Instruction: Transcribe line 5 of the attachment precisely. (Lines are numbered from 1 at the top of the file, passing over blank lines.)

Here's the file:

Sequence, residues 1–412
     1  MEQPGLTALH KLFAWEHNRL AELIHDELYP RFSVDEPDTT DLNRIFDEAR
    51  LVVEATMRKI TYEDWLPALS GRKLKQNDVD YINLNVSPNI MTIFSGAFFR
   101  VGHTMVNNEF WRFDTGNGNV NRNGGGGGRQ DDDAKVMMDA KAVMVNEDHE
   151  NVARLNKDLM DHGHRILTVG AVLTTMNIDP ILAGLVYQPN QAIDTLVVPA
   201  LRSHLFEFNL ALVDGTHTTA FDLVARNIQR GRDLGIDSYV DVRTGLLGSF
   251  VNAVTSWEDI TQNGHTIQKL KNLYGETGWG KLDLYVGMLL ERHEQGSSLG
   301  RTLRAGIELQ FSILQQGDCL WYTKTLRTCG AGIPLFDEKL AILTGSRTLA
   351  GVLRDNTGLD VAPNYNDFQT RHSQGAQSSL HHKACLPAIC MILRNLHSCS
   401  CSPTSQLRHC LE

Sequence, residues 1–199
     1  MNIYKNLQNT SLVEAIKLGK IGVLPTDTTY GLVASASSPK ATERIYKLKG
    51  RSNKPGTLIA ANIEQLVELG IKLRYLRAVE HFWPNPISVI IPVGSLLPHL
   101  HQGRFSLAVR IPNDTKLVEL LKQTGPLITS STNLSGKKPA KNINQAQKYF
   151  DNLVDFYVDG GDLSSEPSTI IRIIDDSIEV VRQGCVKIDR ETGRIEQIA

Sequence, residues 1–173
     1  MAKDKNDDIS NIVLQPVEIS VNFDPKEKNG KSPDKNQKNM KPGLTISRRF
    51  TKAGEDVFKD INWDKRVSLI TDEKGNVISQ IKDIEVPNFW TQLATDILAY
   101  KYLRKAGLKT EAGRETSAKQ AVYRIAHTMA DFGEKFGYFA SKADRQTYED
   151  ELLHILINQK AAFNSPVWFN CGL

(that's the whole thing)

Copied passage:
   151  NVARLNKDLM DHGHRILTVG AVLTTMNIDP ILAGLVYQPN QAIDTLVVPA